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THUNDER BAY -- Working inside Ontario’s jails and prisons is a challenge.
Michael Parks knows it all too well, as a former staffer at a youth correctional facility. The Fort Frances native will put that training to the test in his new career, one of 20 Northern Ontario graduating corrections officers hired by the province to fill gaps left by a four-year hiring freeze.
Parks, who will work at the Fort Frances Jail, on Friday said he sees a career in corrections as a chance to help people turn their lives around.
But he’s realistic enough to understand not everyone will want his help.
“It will be a little more challenging working with adults now,” said Parks, recognized with the graduate’s peer award, voted on by his classmates after their eight-week training course.
“You need a little bit of leadership skills to help people, to help steer them in the right direction. Everybody needs a second chance. If I can help some of the people – maybe not all – well, I’m going to try to help as many as I can.”
Naomi Barclay was one of four women graduating from the class. The mother of a young daughter, Barclay said she sees a career in corrections as a way to help protect communities and the people who live there.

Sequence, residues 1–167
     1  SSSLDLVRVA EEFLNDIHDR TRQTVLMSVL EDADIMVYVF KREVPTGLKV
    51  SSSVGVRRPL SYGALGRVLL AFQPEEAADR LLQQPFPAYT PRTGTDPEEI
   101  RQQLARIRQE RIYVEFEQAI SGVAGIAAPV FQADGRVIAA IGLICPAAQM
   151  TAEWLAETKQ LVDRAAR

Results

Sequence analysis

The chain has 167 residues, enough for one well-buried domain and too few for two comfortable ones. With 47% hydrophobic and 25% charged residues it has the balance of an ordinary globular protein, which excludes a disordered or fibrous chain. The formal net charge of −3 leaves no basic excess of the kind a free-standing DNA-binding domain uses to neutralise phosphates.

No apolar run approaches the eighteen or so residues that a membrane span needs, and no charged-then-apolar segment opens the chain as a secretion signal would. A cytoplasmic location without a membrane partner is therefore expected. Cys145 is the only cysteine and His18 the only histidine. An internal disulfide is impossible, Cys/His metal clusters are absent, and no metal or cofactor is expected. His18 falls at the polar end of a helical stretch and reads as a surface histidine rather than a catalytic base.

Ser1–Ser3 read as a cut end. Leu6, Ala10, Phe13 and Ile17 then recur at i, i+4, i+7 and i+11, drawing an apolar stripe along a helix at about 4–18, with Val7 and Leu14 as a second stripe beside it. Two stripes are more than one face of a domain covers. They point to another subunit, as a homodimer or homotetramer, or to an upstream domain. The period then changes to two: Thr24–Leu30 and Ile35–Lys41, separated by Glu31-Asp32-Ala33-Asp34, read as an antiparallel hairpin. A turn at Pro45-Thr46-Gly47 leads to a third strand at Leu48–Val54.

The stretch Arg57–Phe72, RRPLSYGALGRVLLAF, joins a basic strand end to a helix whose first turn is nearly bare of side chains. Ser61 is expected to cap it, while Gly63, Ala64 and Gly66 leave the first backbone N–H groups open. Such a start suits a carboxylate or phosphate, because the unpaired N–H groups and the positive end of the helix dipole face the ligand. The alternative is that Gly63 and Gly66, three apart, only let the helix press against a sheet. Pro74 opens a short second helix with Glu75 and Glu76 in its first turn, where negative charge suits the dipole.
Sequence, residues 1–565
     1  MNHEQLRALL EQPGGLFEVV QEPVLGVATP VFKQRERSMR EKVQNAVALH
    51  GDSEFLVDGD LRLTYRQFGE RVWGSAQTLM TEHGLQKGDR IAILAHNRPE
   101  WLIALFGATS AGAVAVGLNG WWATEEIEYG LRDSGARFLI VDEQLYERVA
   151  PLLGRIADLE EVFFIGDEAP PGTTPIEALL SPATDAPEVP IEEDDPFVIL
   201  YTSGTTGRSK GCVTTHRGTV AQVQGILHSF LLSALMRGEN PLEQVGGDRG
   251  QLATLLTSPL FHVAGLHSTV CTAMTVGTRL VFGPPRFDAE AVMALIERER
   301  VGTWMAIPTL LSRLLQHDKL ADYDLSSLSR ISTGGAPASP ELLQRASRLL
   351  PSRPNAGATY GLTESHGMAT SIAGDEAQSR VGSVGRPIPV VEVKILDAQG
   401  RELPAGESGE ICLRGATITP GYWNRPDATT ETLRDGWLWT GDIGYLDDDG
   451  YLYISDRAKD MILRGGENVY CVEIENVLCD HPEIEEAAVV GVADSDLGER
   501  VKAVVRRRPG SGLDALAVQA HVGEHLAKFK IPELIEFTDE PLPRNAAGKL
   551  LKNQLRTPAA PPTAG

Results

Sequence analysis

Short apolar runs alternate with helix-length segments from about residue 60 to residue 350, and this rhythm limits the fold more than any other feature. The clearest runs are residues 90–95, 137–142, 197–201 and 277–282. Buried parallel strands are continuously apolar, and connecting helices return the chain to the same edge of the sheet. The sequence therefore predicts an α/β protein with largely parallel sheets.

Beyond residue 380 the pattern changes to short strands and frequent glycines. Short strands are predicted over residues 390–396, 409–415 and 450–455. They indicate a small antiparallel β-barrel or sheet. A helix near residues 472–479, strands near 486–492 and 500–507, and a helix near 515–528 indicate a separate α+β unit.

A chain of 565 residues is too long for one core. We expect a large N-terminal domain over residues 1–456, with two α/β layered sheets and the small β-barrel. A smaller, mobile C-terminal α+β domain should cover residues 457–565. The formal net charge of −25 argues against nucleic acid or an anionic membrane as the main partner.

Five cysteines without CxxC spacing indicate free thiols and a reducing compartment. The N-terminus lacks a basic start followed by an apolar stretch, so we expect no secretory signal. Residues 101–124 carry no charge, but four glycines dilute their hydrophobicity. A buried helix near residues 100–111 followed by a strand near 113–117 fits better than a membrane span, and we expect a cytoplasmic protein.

After weeks of training, scouring through a 12-pound manual and plenty of testing, she thinks she’s ready for the task at hand, guarding prisoners at the Thunder Bay Jail.
While TV shows like National Geographic Channel’s Lockdown have shown the grittier, dangerous side of life inside prison, Barclay said she’s approaching her new career with no fear, despite the potential danger that exists each and every day.
“There are a lot of questions and hopefully they’ll be answered within the first weeks or month or so. I hear the mentorship program is excellent and I’m looking forward to working at it.”
The new hires were a long time coming.
With a hiring freeze in place, gaps have opened up in correctional facilities across Northern Ontario. While it wasn’t ideal, the 20 new corrections officers should start to address a problem that arose with an overhaul in the recruitment process, that led to the hiring freeze.
Kevin Junor, the manager of institutional services and emergency response training for the Ontario Correctional Services College, said the recruitment process has undergone a number of changes since those hires.
It’s just now that they’re ready to start filling the gaps that opened up in the ensuing years. It was time, he said.
“Having an effective team is really important. Having any sort of vacancies, it’s not good for anyone,” Junor said.
“For us to provide effective inmate supervision, we need to have the staff. The new officers that have just graduated from this program will fill those gaps that we have to provide the supervision that’s required.”
Junor added the wait for the next graduating class won’t be nearly as long, noting he plans to train a new Northern Ontario class in the fall.
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